Houzz Survey Says Baby Boomers Lead the Remodeling Pack
A recent report released by Houzz, titled “U.S. Houzz Kitchen Trends Study”, highlights some recent statistics on kitchen design and renovation. While the Houzz study was focused on kitchens, we are also including features of accessible bathroom design as another area of attention for successful aging in place. The report surveyed a total of 1,337 homeowners who have completed a kitchen remodel or addition in the past 12 months, or are planning one, and asked them a total of 60 questions about their experience and preferences. The results included data that specifically pertains to KBDC’s key demographic, the Baby Boomer Generation.
According to Houzz, 52% of renovating homeowners today are 55 or older, and the majority plan to remain in their homes for the next 10 years. With this fact in mind, it is important to address significant questions about the overall accessibility of one’s home. The first issue one might address is maneuverability, how well will you be able to maneuver about your home in the years to come? The second issue to address is accessibility, is your home accessible enough to for you to comfortably age in place? Are bedrooms only accessible by stairs? Is it possible to live on the main level of your home? Are bathrooms handicap accessible, with a walk-in shower, grab bars and wide enough to accommodate a wheelchair? Is the primary storage in your kitchen up high and difficult to reach? If necessary, would you be able to pull up to the kitchen sink in a wheelchair or does base cabinetry block your way? Are your floors slip resistant?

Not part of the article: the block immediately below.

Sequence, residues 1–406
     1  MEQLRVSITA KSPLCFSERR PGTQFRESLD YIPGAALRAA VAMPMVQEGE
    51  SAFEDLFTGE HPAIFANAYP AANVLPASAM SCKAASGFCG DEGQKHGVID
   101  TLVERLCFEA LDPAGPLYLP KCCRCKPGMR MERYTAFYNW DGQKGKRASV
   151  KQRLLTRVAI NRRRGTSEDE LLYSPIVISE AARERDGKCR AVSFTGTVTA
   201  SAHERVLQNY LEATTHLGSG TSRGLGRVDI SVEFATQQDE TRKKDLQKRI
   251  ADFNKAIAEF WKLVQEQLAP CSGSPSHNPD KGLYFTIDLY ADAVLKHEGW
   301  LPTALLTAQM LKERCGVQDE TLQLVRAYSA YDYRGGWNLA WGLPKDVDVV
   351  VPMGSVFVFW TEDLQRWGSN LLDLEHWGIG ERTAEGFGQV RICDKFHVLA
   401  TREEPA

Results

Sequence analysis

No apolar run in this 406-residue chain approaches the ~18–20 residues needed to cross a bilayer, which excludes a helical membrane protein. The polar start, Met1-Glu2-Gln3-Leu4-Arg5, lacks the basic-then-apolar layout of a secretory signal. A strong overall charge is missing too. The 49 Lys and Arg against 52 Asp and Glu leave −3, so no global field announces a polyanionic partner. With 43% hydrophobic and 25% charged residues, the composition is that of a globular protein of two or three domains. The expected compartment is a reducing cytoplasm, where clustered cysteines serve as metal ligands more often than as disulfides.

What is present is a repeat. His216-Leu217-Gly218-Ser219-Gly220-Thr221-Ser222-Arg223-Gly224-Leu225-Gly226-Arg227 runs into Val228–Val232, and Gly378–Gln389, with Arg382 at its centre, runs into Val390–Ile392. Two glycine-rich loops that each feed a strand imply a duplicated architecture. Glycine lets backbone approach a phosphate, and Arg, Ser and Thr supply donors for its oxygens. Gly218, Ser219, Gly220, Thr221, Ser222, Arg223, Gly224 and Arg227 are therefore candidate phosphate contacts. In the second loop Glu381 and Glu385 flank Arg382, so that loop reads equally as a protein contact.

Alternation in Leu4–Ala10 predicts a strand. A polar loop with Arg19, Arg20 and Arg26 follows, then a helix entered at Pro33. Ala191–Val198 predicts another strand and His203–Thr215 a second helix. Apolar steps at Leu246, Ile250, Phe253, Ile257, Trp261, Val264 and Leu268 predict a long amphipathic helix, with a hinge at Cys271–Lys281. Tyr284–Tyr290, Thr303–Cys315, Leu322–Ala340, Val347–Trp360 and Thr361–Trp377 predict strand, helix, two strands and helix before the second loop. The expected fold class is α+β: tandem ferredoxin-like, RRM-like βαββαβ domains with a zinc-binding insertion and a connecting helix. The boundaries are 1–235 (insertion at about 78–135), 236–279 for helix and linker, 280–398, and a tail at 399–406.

These are all important questions, and NOW is the time to attend to them, either through a remodel, or adding features to your home that address possible aging needs before it’s too late. Only 9% of participants in the survey expressed that they remodeled their kitchen specifically to adapt to changes in their family/lifestyle, surprisingly low considering that the majority of renovating homeowners are Baby Boomers. Planning ahead now, and renovating for accessibility, will ensure many comfortable, worry-free years ahead.